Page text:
Poop in hair close to bottom.

Discussion in 'Health & Wellness' started by ManosMax, Nov 11, 2018.

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  1. Nov 11, 2018 #1

    ManosMax

    ManosMax

    ManosMax

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    This is my first rabbit,and i noticed that the hair closed to the rabbits but are stuck together with poop.I have seen it poop and the poop is hard as it should be.My question is,should i let him clean himself or is there a way to clean him my self.
     
  2. Nov 11, 2018 #2

    Popsicles

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    If there is poop sticking to the bottom, but you say he is producing hard poops, it suggests the sticky poop around his bottom is caecotropes. These are mushy poops that the rabbit produces naturally and should eat directly from their bottom - this helps with digestion and is very important for rabbit health. If your rabbit is not eating those caecoptropes, there could be a few reasons:
    If the diet is too high in protein and sugars (e.g. too many pellets/fruits) the gut is already overwhelmed and so won’t feel the need to eat the carcotropes. The rabbit diet should be 80% grass/hay, with some veggies and pellets just to supplement.
    It also might be that he isn’t able to eat the caecotropes. If your rabbit is obese, or has painful joints, for example, then he won’t be able to bend down to eat the caecotropes and clean himself properly.
    It is important to make sure you tackle this at the root cause to prevent it happening again. It’s also possible the mushy poops are diarrhoea, but as you say he is producing hard poops this seems less likely.
    As for cleaning him, you could bathe just his bottom with some warm soapy water and a flannel, making sure to dry him very well with a towel afterwards.
     
  3. Nov 11, 2018 #3

    Theo

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    I have the same problems. Though I don't know if it is poop clumping the fur up. Is there any way to do the cleaning process outside? It is very cold outside (30 degrees) and I don't want him to freeze. He only gets 1/4 cup of pellets a day is that too much? He is a Mini Rex and his poops are not mushy. What soap would you recommend?
     
    Last edited: Nov 11, 2018
  4. Nov 11, 2018 #4

    Popsicles

    Popsicles

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    If it is very cold you will need to wash him indoors and let it dry completely before putting him back out. Depends on his size, but that seems reasonable to me... It is probably his caecotropes sticking, rather than normal poops, so it could be your rabbit has underlying health issues stopping him getting to them, like I mentioned, such as pain or joint problems, if his diet is okay.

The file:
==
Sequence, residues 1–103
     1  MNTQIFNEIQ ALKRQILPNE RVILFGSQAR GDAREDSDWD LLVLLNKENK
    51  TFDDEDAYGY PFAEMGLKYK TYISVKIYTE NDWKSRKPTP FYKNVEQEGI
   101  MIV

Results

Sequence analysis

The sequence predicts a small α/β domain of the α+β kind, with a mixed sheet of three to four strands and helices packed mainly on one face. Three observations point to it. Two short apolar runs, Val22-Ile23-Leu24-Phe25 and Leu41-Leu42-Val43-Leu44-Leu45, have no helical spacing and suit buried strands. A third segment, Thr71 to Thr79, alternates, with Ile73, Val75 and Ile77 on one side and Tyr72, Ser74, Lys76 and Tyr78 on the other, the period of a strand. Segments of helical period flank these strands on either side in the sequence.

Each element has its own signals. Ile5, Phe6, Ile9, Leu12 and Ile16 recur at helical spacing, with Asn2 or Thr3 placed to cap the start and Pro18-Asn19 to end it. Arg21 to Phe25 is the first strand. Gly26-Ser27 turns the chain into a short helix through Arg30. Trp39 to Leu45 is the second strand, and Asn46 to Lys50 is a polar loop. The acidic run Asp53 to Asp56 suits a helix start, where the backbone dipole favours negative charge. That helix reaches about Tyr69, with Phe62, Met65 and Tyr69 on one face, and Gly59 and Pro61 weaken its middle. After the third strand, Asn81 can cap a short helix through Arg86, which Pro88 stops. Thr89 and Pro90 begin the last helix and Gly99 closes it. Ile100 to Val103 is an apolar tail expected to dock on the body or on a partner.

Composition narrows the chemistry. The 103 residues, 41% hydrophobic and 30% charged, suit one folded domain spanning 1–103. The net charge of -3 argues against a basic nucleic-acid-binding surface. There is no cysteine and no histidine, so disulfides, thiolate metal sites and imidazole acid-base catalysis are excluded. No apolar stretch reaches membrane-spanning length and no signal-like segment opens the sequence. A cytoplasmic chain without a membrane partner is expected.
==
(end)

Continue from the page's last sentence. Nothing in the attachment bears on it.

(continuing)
I would recommend that you buy a shampoo specifically for rabbits/pets. If it isnt too messy/hard, you might find that just warm water with no soap at all will be enough.
     
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  5. Nov 11, 2018 #5

    Theo

    Theo

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    Thanks for the help! Though I cannot bring him inside because someone at my house has a major allergy. Will it get worse if I wait any longer?
     
  6. Nov 11, 2018 #6

    Popsicles

    Popsicles

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    It will cause his skin to get sore, and potentially infected, and the more it builds up the less he will be able to get to any new caecotropes he produces. In the summer months you run the risk of fly strike, which isnt relevant to you at the moment but worth bearing in mind for when it gets warmer.
    If possible you could just bring a tub of warm water to a porch/hallway and just wash him and let him dry there? If not, you'll have to take him to a vet to help you, you can't really leave it.
     
  7. Nov 11, 2018 #7

    JBun

    JBun

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    If it's not bad, I know some people will very carefully trim the poopy fur away. It has to be done carefully though, as not to nip the skin.

    As Popsicles mentioned, some health issues like arthritis and obesity can cause this, but most often I have found it is either due to too many carbs/treats in the diet(including the carbs/sugars found in pellets) and/or not enough of coarse indigestible fiber(think stalky grass hay stems). Other foods like some veggies/greens and very rich soft leafy grass hay, can sometimes also cause this, it's just not as common as carbs/sugars are to be the culprit..

    Once a rabbits carbs/sugars are decreased and grass hay consumption is increased, the problem usually corrects itself. It's called intermittent soft cecotropes, when the microflora in the rabbits cecum is unbalanced due to excess carbs, causing the cecotropes to not be formed properly and to come out semiformed or unformed and pasty, being left uneaten by the rabbit and sticking to their fur, while the rabbits fecal balls remain normal and not to be confused with diarrhea where the fecal poop is messy and which is considered an emergency.
    https://rabbit.org/intermittent-soft-cecotropes-in-rabbits/
     
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